Movie Review – Robocop
OmniCorp’s creation of unmanned robotic soldiers have taken soldier mortality out of war, they’re a hit all over the world except for The United States. Thanks to the Dreyfuss Act, which states a machine is unable to value human life therefore it should not be allowed to govern people. Raymond Sellars (Michael Keaton), the CEO of OmniCorp is actively looking for find a way to repeal the Dreyfuss Act by creating a product that combines both man and machine.
Police officers Alex Murphy (Joel Kinnaman) and Jack Lewis (Michael K. Williams) go undercover tracking down illegal weapons,leading them to crime boss, Antoine Vallon (Patrick Garrow). When Lewis is injured in a gun fight, Murphy makes a promise to take down Vallon and his whole operation. Unfortunately Vallon gets to Murphy first by having his car rigs explosives. Left in critical condition OmniCorp offers him a second chance.
The result is Robocop. He has single-handedly made Detroit a safer place, but as he begins to re-examine the case that left him paralyzed.Murphy will discover this investigation is bigger than he could have imagined.
Fans of the original have already made up their minds about whether or not they will see this remake, which is a shame because it isn’t terrible. Like the titular character, José Padilhaideas come through, but are lost in the machine of a big budget studio production. Last year it was reported that for every 10 ideas he had, 9 were cut, Marc Webb faced similar problems making The Amazing Spider-Man. Is it a coincidence that both are Sony properties? -Probably not.
All things considered though Padilha’s vision takes the familiar character and not only modernized him but also explores some interesting concepts.There isn’t a whole lot of action as the trailer conveys, but fortunately the character story about Murphy’s humanity isn’t entirely eye rolling albeit underdeveloped. The remake is a departure from the original and favours the rooted in reality approach, and some of the upgrade Robocop gets this time around helps to make him appear as an unstoppable force. Such as access to street cameras all around the city and the complete Detroit Police Department database with unsolved cases, wanted suspects and access to phone records, which makes for some creative plot points, but hinders some of the story arcs by oversimplifying them.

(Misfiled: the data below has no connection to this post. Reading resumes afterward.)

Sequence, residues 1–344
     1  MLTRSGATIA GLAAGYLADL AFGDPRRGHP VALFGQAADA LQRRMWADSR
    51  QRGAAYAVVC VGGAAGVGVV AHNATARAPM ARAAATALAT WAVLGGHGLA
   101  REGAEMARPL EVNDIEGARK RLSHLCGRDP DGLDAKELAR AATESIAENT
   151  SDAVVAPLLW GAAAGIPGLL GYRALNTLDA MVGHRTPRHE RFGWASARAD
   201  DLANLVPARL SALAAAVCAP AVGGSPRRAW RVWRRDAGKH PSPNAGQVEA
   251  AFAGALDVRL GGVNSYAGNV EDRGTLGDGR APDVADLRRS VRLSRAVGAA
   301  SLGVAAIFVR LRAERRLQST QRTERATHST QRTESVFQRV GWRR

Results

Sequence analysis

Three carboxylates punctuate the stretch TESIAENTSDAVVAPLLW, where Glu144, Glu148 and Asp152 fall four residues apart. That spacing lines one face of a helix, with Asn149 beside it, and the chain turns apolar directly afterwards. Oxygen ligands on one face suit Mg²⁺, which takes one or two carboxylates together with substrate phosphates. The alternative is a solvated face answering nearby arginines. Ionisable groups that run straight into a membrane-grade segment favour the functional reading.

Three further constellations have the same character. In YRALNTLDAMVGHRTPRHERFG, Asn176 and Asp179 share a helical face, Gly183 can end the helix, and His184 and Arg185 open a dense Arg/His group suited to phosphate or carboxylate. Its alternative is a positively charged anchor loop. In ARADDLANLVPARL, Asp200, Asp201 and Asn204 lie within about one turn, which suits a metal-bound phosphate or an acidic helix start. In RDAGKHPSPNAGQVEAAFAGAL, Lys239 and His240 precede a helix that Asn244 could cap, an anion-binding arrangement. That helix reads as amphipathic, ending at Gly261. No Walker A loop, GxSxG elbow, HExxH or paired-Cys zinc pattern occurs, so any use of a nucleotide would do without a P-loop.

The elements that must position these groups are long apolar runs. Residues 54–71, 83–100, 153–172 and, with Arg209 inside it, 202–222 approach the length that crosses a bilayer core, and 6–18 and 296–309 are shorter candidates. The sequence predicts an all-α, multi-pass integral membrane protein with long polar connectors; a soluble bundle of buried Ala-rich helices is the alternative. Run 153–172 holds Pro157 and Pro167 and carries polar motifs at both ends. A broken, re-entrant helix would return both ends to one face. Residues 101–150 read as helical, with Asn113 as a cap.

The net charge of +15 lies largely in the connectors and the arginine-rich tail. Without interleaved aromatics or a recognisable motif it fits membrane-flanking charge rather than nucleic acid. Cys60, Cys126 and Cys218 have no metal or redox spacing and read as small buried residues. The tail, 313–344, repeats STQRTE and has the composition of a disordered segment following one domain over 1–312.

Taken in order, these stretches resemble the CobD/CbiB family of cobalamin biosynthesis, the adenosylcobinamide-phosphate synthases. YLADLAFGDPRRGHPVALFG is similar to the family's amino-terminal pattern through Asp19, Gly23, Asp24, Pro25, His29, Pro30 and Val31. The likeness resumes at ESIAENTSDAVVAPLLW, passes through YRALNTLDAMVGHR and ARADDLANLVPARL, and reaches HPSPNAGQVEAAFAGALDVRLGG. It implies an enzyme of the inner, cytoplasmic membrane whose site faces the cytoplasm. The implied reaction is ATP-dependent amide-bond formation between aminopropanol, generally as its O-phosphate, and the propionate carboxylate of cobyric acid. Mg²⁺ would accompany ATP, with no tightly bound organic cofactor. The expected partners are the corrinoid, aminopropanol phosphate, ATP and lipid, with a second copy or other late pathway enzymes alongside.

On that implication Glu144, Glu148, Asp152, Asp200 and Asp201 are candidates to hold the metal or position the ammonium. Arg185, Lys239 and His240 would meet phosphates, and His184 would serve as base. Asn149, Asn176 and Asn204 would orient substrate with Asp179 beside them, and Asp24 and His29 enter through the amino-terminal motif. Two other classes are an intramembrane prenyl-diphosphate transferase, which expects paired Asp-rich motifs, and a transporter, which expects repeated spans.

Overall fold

Joel Kinnaman is a convincing as officer Murphy, but does a better job as Robocop. At one point,Murphy has a video call with his wife and Kinnaman’s anxiety to her reaction is palpable. He also manages to portray the lifeless robot when his programming overcomes him personality.
Gary Oldman is Dr. Dennett Norton the man responsible for creating Robocop; he gives a solid performance but seems to be in a completely different movie. Whereas Michael Keaton does a great job and is enjoyable to watch but is limited by the formulaic character. The movie tries to do too much too quickly with its supporting cast, and Jay Baruchel, Michael K. Williams, and Jennifer Ehleall end up being throw away characters. Samuel L. Jackson’s is his charismatic self as news anchor Pat Novak who provides us with background information, and is positioned to potentially be a future villain. Abbie Cornish and John Paul Ruttan play opposite of Kinnaman as his wife Clara Murphy and son David Murphy respectively. While they’re exceptional in their roles, the story surrounding them could have been so interesting. Like a lot of the sub-plots, it doesn’t get much explore and gets an anticlimactic ending… if you can even call it that.
Robocop is facing an uphill battle that is completely unwarranted, but it has introduced a lot of elements worth exploring in a sequel. Although I can’t recommend this movie in IMAX, I would encourage movie goers to check this one out.
A director’s cut would be something worth investing in, but if that doesn’t happen you can check out Boom! Studios one shot tie-in comics,they add to the mythology as well as flesh out the world of Robocop.
The writer of this piece was:
Laurence has previously written over at Whatculture.com.
Laurence tweets from @IL1511
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